Men are half of the fertility equation. Fertility problems are as likely to be male in origin as female in origin (40 per cent male; 40 per cent female and 20 per cent mixed factor/unexplained fertility problems).
And men, just as much as women, experience the pain and grief of struggling to become parents and feel the emotional and physical fall-out from fertility issues in other areas of their lives.
In a 2015 survey commissioned by Fertility Network UK, in conjunction with Nuffield Health, 60 per cent of men who had experienced fertility issues revealed that they had negatively impacted their relationship. One in three said fertility problems had a negative influence on their work life and 40 per cent felt they had an adverse effect on their mental health.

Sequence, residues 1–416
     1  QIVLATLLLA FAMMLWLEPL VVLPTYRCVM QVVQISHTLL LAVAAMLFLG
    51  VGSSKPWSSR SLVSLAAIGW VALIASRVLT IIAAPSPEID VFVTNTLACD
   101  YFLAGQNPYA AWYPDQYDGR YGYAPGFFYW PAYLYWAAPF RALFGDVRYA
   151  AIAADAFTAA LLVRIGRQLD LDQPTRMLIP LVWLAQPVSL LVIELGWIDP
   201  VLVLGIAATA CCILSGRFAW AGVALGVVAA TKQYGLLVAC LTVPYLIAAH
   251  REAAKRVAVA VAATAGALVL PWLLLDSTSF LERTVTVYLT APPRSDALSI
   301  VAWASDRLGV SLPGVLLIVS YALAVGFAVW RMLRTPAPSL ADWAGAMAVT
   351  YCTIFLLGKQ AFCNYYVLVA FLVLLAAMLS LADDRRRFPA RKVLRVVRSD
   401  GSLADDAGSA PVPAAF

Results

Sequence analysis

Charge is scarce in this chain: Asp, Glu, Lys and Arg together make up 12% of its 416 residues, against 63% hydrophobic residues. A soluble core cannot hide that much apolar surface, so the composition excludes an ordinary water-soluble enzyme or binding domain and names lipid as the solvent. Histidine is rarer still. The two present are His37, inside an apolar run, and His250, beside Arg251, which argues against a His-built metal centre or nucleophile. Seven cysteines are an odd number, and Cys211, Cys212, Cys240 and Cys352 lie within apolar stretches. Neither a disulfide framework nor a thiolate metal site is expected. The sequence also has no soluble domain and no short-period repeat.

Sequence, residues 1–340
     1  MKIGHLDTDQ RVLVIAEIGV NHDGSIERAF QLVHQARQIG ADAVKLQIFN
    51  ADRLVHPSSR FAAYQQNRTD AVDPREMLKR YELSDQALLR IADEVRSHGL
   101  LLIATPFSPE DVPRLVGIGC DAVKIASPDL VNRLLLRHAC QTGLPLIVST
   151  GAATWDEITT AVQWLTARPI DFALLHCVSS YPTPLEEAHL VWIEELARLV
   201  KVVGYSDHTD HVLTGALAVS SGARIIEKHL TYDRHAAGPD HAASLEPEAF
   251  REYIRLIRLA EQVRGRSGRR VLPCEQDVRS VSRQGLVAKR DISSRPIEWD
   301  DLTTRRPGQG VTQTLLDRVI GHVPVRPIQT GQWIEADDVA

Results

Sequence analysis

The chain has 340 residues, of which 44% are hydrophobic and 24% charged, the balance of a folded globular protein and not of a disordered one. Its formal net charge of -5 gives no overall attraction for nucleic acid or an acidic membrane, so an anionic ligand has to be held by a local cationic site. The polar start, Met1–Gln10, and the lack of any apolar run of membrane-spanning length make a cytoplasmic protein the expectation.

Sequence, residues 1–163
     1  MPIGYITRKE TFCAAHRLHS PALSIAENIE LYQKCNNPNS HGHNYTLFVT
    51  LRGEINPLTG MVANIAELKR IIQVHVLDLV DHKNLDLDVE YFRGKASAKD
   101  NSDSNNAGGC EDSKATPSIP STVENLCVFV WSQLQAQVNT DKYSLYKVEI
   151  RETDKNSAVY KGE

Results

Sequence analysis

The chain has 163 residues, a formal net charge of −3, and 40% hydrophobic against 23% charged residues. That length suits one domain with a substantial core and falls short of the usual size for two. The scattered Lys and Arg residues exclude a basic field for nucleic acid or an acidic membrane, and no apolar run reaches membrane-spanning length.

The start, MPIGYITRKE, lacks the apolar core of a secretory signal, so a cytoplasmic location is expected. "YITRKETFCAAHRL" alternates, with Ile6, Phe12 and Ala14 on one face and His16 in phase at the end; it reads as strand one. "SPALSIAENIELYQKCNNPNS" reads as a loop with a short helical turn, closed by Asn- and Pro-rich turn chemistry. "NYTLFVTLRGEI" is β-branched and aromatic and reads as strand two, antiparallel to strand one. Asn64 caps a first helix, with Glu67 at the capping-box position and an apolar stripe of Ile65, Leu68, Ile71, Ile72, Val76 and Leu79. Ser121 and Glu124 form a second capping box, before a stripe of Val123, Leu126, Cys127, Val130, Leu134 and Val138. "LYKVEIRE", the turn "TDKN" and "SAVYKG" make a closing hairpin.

However, the male perspective can often be overlooked or side-lined. There may be pressure to be ‘the strong one’ during fertility investigations and treatment. Men may also feel ‘powerless to help’ as, so often, it is their female partner who is undergoing the tests, or treatment and feeling the effects of fertility medications.
Physical intimacy may suffer: as a result of the loss of spontaneity around sex, the pressure to perform, or the ordeal of treatment – for you or your partner. The path to resolving sexual issues is to keep lines of communication open with your partner. You are both on the same journey, and although you will experience it in differing ways, both your perspectives are equally valid.
Male fertility issues can be hugely isolating. Men don’t always find it easy to open up and talk about fertility problems with friends, family or colleagues – sadly, this means it can be very difficult to receive much-needed emotional support.
Although face-to-face peer support groups are for men as well as women, they can often be seen as a ‘woman’s thing’. Male only online support groups are an alternative: for many men the anonymity they offer is welcome, as is the chance to talk to other men facing similar struggles.